Nor is the Court’s approach limited to the criminal law context, or to prosecutions of public officials.  In Gabelli v. SEC, a civil enforcement action against an investment adviser for fraudulent conduct, the Court unanimously held that the applicable statute of limitations, which runs for five years from “the date when the claim first accrued,” runs from the date of the defendant’s conduct and not from the date that the Securities and Exchange Commission (“SEC”) discovered it.[30]  The Court noted the SEC’s purpose to root out fraud and authority to impose penalties, which are “intended to punish, and label defendants wrongdoers.”[31]  If a statute of limitations were to run from the date of discovery of the conduct, the Court reasoned, defendants would be left exposed to government enforcement for an “uncertain period into the future.”[32]  By limiting the statute of limitations, the Court curtailed a potential expansion of the SEC’s reach to penalize in enforcement actions.  Further, in Kokesh v. SEC, another civil enforcement action against an investment adviser, the Court concluded that claims for disgorgement, described as bearing “all the hallmarks of a penalty,” are subject to the statute of limitations and its interpretation in Gabelli.[33] 

Application of the Kelly decision and the line of Supreme Court decisions before it will be a barrier to prosecutions for fraud schemes that do not demonstrably entail money or property as their object, even if those fraud schemes occur outside the sphere of public corruption.  For example, charges filed last year in the “Varsity Blues” scandal for defendants’ alleged involvement in a conspiracy—which concerned cheating on college entrance exams and admission of students with fabricated profiles into elite colleges as athletes—rest in part on similar substantive offenses as the “Bridgegate” scandal.  The Court’s decision in Kelly may provide a potential defense that the object of the conspiracy, admission to a competitive college, is not “property” under the federal fraud statute.  Time will tell whether Kelly will have an impact outside of the unique facts of “Bridgegate,” but there is no doubt that the decision represents another example of the Supreme Court’s willingness to step in to limit what it believes to be overly aggressive federal corruption and fraud prosecutions.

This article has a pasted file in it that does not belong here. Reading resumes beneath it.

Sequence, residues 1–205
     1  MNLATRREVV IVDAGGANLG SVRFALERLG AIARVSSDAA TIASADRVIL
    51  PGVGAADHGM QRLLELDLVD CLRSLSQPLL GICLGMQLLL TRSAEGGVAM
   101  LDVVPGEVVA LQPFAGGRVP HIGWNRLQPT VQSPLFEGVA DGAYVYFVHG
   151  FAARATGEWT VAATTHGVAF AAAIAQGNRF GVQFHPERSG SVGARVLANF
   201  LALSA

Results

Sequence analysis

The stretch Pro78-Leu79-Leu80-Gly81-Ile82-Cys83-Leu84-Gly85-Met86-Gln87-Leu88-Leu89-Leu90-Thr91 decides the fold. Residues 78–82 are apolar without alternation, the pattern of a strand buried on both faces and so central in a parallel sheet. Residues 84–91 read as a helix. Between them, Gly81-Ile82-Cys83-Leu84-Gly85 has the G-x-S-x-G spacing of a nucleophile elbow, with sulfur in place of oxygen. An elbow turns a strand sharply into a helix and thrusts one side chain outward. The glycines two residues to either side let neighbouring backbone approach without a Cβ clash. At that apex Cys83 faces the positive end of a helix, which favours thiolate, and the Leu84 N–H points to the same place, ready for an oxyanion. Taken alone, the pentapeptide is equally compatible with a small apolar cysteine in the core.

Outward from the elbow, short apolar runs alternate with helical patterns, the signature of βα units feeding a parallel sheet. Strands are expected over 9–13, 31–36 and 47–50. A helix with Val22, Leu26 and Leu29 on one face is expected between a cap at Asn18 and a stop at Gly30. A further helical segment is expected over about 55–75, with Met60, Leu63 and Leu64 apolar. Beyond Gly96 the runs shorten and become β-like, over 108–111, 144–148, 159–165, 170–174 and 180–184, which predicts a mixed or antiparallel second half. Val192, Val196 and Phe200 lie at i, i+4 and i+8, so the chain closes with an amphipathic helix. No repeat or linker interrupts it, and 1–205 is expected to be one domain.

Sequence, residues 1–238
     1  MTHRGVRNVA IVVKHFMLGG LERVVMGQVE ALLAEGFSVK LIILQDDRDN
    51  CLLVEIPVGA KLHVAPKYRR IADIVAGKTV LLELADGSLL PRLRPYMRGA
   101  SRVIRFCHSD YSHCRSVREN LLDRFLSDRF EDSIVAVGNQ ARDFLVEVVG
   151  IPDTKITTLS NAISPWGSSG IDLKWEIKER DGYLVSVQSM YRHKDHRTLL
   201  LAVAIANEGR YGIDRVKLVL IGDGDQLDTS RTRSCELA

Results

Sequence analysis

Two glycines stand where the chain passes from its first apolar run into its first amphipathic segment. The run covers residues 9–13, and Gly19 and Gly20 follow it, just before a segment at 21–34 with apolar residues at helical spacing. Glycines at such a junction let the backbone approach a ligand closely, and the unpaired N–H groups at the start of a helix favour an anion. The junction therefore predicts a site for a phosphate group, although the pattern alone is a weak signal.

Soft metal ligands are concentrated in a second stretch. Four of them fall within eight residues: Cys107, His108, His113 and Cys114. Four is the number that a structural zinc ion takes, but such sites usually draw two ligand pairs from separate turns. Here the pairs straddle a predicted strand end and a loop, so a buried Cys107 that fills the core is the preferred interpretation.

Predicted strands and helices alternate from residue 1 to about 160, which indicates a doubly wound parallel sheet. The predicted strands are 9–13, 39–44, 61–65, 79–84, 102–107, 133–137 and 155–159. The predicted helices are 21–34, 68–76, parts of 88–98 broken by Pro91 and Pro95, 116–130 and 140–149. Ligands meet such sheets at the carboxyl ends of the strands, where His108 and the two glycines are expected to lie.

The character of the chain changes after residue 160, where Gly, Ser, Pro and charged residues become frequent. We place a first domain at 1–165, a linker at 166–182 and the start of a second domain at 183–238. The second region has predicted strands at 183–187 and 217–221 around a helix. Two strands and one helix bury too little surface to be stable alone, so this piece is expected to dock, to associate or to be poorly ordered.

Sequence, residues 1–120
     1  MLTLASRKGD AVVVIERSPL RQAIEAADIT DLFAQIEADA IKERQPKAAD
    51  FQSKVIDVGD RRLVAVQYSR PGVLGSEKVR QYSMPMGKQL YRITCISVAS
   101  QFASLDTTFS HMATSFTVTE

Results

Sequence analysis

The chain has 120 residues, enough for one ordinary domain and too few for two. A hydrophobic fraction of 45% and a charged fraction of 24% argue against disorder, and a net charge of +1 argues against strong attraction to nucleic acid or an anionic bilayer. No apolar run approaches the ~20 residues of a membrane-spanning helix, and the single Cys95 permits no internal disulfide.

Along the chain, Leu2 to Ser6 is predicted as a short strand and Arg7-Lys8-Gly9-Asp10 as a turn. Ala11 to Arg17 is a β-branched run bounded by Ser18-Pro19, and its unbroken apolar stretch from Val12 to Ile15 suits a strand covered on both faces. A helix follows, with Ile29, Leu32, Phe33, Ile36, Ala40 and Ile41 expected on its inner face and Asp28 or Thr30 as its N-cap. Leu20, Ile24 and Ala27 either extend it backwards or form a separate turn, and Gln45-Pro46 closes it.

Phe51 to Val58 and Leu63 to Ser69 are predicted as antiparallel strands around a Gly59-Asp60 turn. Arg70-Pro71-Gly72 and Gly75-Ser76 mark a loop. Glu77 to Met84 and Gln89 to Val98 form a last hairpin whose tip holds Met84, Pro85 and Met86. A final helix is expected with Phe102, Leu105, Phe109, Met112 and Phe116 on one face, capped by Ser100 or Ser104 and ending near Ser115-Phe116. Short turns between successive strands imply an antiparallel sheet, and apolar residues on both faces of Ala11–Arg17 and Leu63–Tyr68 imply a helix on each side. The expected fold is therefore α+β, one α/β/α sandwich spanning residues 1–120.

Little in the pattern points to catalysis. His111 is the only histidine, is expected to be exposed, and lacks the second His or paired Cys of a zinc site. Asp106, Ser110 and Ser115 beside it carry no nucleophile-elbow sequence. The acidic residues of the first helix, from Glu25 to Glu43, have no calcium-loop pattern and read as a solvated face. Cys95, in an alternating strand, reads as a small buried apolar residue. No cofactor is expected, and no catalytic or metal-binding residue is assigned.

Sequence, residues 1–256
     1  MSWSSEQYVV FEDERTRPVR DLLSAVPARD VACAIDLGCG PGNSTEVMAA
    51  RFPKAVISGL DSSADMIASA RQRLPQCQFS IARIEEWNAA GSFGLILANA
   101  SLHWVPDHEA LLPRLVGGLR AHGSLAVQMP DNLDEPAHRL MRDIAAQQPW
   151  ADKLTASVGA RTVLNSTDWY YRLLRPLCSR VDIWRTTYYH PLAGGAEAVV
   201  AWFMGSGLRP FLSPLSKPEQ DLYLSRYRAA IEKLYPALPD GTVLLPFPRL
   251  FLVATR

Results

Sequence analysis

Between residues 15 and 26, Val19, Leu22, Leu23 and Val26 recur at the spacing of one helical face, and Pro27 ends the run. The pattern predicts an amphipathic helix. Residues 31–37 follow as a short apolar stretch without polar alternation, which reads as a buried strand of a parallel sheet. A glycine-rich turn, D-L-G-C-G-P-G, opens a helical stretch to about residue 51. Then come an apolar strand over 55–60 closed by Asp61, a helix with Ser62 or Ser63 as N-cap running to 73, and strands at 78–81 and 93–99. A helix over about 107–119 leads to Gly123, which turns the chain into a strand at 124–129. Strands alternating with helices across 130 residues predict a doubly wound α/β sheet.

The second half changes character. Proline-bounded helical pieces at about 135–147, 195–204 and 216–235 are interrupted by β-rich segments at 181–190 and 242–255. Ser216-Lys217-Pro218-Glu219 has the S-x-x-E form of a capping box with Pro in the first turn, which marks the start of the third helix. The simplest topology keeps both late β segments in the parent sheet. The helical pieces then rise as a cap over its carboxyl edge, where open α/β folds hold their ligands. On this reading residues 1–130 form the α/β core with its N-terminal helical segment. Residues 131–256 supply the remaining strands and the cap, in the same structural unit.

This article was published by Law360.

[1] Kelly v. United States, 590 U.S. ___, No. 18-1059, slip op. (May 7 2020).

[2] See Kelly, slip op. at 4.

[3] See id. at 1.

[4] See id. at 5.

[5] See id. at 4.

[6] See id.

[7] See 18 U.S.C. §§ 1343 and 666(a)(1)(A).

[8] See Kelly, slip op. at 7.

[9] Id. (citing McNally v. United States, 483 U.S. 350, 360 (1987)).

[10] McNally, 483 U.S. at 360.

[11] Id. at 355.

[12] Skilling v. United States, 561 U.S. 358, 405, 410 (2010).

[13] Kelly, slip op. at 2.

[14] 18 U.S.C. § 1434 (emphasis added).

[15] 18 U.S.C. § 666(a)(1)(A) (emphasis added).

[16] Kelly, slip op. at 7 (citing Cleveland v. United States, 531 U.S. 12, 26 (2000)).

[17] Id. at 2.

[18] See id.

[19] Id. at 8.

[20] Id. (citing Cleveland, 531 U.S. at 23 (finding that “allocation, exclusion, and control” of gaming licenses is a state regulatory power and does not create a property interest)).

[21] Id. at 10.

[22] Id. at 8–9.

[23] See id. at 10–11.

[24] Id. at 10.  The Court distinguished this case from United States v. Pabey, 664 F. 3d 1084, 1089 (7th Cir. 2011) (involving a mayor who had city workers renovate his daughter’s home) and United States v. Delano, 55 F. 3d 720, 723 (2d Cir. 1995) (involving a city parks commissioner who induced employees into doing gardening work for political contributors).

[25] Id. at 13.

[26] Id. at 12 (internal quotations and citation omitted).

[27] See McDonnell v. United States, 136 S. Ct. 2355, 2375 (2016).

[28] Id. at 2374.

[29] Id. at 2375.

[30] Gabelli v. S.E.C., 568 U.S. 442, 442 (2013); 28 U.S.C. § 2462.

[31] Id. at 452.

[32] Id.

[33] Kokesh v. S.E.C., 137 S. Ct. 1635, 1644 (2017).